It all started with a mouse in her house. Or more specifically, in her garage. When Jeanne Dorie met the uninvited miniature rodent checking out its potential new digs on Terrace Street in New Glasgow, she didn’t set a trap, she wrote a story. While her stories didn’t have the same multiplier effect as her would-be new housemate, Jeanne has written, illustrated and published three picture books that all began with Mac the mouse and have evolved to include other furry characters that teach compassion and kindness towards our four-legged friends.
When the rhymes and story started to take shape in her imagination, Jeanne wrote them down and then called her four-year-old grandson Evan in Newfoundland. She read him her story and, when she was finished, he told her he liked it but, like most four-year-old book reviewers, he thought she needed some pictures. And so began Jeanne’s first dive into picture book illustration.
“At first I thought the story idea would be a wonderful way to communicate with my grandson when we were on the phone together. Once you get through what we each did that day there is not much left to hold the attention of a pre-schooler, but when he liked my verses and asked for pictures and then a few weeks later when he came to visit and asked if we could make prints, it was like he opened the proverbial Pandora’s box,” says Jeanne.
Writing has been the easiest part of her new endeavour. Her previous life working out west as a trainer in a mining company included writing procedural manuals, scripts for training videos and the development of software and writing a corporate newsletter for the last two years of her job. All of the tasks demanded attention to detail. An attribute that is evident in almost all aspects of her personal and artistic life.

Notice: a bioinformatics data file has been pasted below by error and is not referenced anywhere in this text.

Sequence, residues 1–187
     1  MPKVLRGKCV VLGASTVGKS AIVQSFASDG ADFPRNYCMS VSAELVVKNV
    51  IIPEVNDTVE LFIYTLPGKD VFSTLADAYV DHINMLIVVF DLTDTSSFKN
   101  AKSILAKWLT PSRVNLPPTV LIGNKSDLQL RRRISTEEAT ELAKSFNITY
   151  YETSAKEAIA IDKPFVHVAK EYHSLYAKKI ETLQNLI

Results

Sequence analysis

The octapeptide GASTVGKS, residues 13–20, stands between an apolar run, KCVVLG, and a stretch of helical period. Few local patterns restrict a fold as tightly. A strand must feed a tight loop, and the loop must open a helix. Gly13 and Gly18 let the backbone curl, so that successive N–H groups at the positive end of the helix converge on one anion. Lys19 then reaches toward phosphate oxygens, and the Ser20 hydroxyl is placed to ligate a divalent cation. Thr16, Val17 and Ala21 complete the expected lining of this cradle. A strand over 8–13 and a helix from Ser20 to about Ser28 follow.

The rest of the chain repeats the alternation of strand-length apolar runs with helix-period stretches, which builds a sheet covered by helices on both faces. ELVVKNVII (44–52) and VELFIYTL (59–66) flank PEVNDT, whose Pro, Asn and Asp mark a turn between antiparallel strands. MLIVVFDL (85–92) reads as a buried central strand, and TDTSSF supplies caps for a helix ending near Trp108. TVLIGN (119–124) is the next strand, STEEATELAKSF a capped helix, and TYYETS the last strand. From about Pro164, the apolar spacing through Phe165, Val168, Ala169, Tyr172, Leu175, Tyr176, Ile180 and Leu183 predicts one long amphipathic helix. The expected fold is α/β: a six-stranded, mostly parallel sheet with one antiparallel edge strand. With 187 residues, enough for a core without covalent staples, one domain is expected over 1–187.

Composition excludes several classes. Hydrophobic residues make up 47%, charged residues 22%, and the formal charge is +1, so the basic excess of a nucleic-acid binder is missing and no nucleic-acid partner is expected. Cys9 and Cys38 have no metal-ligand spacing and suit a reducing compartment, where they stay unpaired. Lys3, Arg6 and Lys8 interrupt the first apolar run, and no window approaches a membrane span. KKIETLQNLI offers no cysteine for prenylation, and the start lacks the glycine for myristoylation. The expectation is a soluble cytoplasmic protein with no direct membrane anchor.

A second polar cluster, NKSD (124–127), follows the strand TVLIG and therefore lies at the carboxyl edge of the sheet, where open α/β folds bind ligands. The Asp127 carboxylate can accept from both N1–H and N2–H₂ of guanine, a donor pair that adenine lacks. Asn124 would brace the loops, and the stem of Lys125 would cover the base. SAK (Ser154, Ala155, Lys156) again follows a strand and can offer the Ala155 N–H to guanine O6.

Jeanne is known in many circles as a creative soul with a passion for both textile work and photography. From a young age growing up in Westville, her parents encouraged her creativity. She remembers her grandmother putting a needle and thread in her hand when she was four and showed her how to sew on a button.
“I played with her button bag and her treadle sewing machine. A new sewing machine was bought for me when I was 15 and I repaid this kindness by using it until I finally wore it out many years later. Their generosity was not lost on me. They also put up with a trail of pins I left in my wake,” she says with a smile.
Today her mum Ruth is her eagle-eye editor. At 100 years of age and failing vision she can still catch the tiniest details where she thinks Jeanne should make a change.
“How amazing is this that I have my 100-year-old mother and my grandson now five years old helping me with these stories?”
All of Jeanne’s previous apprenticeships have been the divining rod to her current writing and illustrations. Her appreciation for the structure that came with making and following patterns as a child was the precursor to her passion for quilt-making during most of her adult life. It’s here that she honed her creative writing skills curating several articles about this niche community in Canadian Quilter Magazine. It seems that as soon as Jeanne gains a knowledge of one artistic channel, she starts to navigate another. Her interests in photography and graphic design enticed her to learn more studying on-line, joining the local photography club SNAPS and becoming a member of Creative Pictou County where she finds support and encouragement for her ambitions. Another steppingstone to her book illustrations was her exploration with photo montages.